A Sin Eater’s duty is a necessary evil: she hears the final private confessions of the dying, eats their sins as a funeral rite, and so guarantees their souls access to heaven. It is always women who eat sins – since it was Eve who first ate the Forbidden Fruit – and every town has at least one, not that they are publicly acknowledged. Stained by the sins they are obliged to consume, the Sin Eater is shunned and silenced, doomed to live in exile at the edge of town.
Recently orphaned May Owens is just fourteen, and has never considered what it might be like to be so ostracized; she’s more concerned with where her next meal is coming from. When she’s arrested for stealing a loaf of bread, however, and subsequently sentenced to become a Sin Eater, finding food is suddenly the last of her worries.
It’s a devastating sentence, but May’s new invisibility opens new doors. And when first one then two of the Queen’s courtiers suddenly grow ill, May hears their deathbed confessions – and begins to investigate a terrible rumour that is only whispered of amid palace corridors.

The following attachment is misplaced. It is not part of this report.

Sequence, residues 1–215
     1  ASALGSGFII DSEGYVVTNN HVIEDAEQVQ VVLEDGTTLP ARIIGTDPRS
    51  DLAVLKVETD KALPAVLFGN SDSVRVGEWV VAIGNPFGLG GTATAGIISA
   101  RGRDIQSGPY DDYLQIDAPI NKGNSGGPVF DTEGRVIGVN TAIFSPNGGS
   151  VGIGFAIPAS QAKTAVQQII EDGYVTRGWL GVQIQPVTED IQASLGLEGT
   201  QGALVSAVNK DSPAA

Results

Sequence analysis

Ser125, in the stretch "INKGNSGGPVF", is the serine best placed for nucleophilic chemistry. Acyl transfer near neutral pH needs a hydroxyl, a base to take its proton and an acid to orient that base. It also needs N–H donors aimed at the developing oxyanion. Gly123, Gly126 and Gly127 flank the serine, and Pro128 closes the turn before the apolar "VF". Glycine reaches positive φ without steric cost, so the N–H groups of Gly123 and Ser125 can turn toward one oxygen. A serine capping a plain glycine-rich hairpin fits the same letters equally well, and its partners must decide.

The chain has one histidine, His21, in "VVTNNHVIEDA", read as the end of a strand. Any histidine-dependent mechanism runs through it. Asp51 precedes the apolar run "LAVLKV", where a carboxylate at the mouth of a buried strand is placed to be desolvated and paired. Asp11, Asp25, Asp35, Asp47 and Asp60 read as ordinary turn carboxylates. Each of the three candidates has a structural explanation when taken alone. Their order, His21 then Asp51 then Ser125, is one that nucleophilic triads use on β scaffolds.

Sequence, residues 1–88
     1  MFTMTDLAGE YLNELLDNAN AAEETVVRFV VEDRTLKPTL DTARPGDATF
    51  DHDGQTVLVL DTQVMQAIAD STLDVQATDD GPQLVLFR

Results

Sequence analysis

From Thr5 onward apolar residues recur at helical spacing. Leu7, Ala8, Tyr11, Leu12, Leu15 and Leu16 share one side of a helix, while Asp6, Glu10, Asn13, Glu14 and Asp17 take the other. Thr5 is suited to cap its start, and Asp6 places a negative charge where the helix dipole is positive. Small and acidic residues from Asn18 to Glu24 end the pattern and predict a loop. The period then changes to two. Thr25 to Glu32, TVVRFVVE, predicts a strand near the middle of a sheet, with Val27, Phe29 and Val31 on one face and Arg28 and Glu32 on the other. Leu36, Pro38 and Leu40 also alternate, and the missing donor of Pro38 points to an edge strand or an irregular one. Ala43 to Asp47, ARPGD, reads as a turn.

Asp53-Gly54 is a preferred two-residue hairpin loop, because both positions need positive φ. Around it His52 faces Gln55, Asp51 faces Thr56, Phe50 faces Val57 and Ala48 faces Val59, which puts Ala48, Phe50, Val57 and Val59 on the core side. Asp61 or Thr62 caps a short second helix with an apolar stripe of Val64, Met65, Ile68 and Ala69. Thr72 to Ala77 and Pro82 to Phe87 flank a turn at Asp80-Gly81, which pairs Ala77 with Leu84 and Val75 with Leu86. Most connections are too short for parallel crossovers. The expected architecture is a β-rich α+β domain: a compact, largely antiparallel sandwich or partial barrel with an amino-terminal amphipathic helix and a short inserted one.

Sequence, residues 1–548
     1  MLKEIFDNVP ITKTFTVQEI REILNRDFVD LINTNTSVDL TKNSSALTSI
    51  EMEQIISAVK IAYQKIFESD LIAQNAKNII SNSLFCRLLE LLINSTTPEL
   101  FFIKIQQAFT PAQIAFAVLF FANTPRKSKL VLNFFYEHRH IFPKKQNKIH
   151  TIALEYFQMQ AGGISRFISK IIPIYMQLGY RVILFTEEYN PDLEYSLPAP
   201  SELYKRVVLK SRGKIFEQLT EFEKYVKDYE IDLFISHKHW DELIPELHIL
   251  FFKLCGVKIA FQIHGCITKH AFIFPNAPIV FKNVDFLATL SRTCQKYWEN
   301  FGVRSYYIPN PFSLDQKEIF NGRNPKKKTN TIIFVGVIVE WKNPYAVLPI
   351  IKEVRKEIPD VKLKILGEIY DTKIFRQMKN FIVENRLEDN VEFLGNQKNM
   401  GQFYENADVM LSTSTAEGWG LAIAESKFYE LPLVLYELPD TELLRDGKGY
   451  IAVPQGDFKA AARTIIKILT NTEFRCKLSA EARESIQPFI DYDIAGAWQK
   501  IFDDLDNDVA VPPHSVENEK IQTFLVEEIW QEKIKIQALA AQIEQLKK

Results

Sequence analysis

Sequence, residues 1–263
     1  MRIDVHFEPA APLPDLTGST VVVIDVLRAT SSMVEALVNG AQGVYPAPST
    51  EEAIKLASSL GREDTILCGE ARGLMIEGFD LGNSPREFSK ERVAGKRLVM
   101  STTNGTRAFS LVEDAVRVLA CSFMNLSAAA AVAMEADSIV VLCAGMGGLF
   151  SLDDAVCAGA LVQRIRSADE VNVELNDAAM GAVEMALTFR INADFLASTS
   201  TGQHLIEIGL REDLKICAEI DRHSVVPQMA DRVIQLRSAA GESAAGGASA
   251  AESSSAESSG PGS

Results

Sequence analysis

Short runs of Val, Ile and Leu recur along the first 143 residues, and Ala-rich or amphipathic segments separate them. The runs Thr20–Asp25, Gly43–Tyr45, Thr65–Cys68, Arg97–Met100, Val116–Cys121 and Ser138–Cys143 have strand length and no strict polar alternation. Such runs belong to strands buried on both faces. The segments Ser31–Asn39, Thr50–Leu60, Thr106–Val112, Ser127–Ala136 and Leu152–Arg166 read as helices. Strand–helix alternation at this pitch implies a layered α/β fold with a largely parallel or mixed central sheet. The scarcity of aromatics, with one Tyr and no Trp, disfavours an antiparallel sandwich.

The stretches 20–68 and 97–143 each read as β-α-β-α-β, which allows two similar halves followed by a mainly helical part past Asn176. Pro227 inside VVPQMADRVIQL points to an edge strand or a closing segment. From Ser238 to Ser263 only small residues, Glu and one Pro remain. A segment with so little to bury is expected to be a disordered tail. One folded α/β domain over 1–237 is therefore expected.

Publishing: July 2020 Mantle Books
This was a really interesting alternative history (Queen Bethany instead of Elizabeth I) and May is a brave and resourceful character.
Forced into the role of sin eater, she turns investigator, determined to solve a series of suspicious deaths at court.
The writing is confident and assured, the narrative flows and carries the reader into the squalor of the 16th Century, alive with stench and mud.
The imagery is vivid and you feel as though you’re at May’s shoulder as she roams through the corridors of power and the narrow slum streets.
I look forward to seeing what Campisi does next after such a strong first novel.
I was kindly gifted a copy of this book with no obligation to review and all opinions remain my own.